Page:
The fun and flow of the party intensified. Our shy friend, pianist, played her variations on African rhythms and her own compositions using her elbows and whole arms. Mr. Tassai from the Japanese-Czech Society brought sheets of music to the song Tancuj, tancuj, vykrucaj and we all started to sing. Then my husband’s guests slowly prepared to leave, and it seemed that a potentially conflicting confrontation between the conservative guests of our party and the pig would not take place.

   But it turned not to be so. The pig’s head was requested. My husband turned to me and silently asked what has happened to that head. Everyone waited a long time to see it and now they may leave without that unusual experience? He wanted to spare them the shock, so he informed them of my craziness in advance and they succumbed to curiosity. It just doesn’t happen to them easily, to see a boiled pig’s head!

   And so I carried the head to the table. She – the pig girl – was cute and smiling. The pink ribbon softened her face features even more. The digger tempted to be kissed. Women and girls in the room screamed in high voices and covered their faces, men were wondering what is the best to do to maintain their seriousness. Only the teacher of the Tea ceremony bravely took over the representation and cut the pig’s ear. As an expert, he recommended cheeks, supposedly the greatest delicacy. But the other Japanese did not eat. They preferred to take a photo with the pig. They reconciled a smile and said chiizu – cheese. The Tea teacher divided the portions into plates, and in a minute from the cute head only a gnawed and angry skull remained.  No more it was a kind-looking pig’s head. It was terribly depressing picture to me. But the gentle and sensitive Japanese tolerated to my surpirse the entertainment very well, with no oppression and harsh feelings. The evening turned out to be really successful party full of fun. The walls and barriers between people collapsed, and we enjoyed each other’s company relaxed and happy. All this happened in spite of the social strata and perhaps even the continents and oceans. And also time. After all, the Japanese did not eat four-legged animals till the end of the last century.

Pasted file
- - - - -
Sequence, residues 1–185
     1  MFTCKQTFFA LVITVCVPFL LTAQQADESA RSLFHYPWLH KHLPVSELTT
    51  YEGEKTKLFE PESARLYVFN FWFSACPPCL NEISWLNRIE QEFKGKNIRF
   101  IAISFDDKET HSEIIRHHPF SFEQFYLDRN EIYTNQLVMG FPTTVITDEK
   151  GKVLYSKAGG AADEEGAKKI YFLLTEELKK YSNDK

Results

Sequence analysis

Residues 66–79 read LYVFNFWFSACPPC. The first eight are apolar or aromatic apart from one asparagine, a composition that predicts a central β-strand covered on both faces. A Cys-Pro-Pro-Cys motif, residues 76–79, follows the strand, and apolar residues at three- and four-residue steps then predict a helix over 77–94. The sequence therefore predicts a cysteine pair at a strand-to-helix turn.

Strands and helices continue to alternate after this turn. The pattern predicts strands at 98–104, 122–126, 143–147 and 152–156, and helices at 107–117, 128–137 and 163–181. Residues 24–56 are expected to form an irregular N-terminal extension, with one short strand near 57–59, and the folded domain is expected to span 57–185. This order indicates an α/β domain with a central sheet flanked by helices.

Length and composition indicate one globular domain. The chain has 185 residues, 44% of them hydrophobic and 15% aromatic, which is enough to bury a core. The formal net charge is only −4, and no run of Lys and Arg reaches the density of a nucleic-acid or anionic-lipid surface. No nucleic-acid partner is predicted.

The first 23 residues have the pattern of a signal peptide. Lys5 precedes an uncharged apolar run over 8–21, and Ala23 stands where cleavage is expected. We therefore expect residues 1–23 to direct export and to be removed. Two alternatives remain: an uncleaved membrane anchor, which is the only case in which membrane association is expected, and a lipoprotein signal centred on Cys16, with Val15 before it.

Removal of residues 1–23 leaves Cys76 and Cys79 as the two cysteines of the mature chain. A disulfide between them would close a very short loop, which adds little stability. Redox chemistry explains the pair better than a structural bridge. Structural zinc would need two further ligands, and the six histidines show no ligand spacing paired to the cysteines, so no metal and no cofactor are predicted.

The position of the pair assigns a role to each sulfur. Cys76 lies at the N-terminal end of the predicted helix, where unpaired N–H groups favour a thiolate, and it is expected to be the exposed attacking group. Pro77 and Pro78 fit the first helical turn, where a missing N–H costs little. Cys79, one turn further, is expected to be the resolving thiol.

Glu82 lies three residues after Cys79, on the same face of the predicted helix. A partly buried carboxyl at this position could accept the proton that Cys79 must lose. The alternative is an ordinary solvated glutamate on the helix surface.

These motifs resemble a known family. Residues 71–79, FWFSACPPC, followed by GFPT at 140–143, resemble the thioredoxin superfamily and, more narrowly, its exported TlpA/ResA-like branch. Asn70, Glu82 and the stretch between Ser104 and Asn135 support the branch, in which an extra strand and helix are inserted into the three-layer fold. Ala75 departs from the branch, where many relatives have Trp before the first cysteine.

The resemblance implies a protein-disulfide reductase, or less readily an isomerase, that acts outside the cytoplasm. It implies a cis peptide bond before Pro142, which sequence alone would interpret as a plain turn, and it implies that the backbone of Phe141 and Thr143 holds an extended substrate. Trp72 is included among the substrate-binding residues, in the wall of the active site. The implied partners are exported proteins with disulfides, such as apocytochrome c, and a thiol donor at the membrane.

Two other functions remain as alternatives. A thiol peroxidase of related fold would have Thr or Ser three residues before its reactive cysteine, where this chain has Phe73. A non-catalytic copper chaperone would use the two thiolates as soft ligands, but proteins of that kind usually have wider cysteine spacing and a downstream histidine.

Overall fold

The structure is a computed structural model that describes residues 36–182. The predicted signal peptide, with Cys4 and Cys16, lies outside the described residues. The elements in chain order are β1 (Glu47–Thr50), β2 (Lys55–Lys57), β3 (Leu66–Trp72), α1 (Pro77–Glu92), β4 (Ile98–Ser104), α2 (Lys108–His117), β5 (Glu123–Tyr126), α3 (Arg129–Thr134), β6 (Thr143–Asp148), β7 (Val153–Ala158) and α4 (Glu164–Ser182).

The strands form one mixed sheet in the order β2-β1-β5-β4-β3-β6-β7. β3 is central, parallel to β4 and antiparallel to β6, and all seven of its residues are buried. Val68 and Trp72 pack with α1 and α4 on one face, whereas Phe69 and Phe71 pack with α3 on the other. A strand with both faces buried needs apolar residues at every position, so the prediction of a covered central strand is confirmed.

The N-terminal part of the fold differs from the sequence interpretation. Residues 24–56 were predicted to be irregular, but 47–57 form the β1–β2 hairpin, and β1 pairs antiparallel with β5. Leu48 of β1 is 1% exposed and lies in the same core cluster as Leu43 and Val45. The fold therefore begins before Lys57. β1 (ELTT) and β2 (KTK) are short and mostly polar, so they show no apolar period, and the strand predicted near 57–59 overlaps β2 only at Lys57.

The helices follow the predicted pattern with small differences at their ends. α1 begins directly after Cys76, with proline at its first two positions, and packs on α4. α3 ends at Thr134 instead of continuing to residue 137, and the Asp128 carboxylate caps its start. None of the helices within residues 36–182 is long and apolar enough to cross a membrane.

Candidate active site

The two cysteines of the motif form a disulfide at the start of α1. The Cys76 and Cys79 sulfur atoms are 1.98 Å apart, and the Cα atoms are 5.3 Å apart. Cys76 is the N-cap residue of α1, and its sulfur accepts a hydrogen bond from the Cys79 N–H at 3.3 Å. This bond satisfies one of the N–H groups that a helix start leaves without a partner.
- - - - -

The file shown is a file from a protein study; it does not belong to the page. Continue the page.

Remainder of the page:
The pianist played Dvořák’s Humoresque, and I felt as if a bit of merriment and feast of the Czech village slaughter party „zabiyacka“may have entered the feelings of my Japanese friends.

   Just so that you know: the house in Czech we bought and as partners me and my husband kept talking about divorce so long that we finally did it. We have remained friends.

Pork in Japanese Way…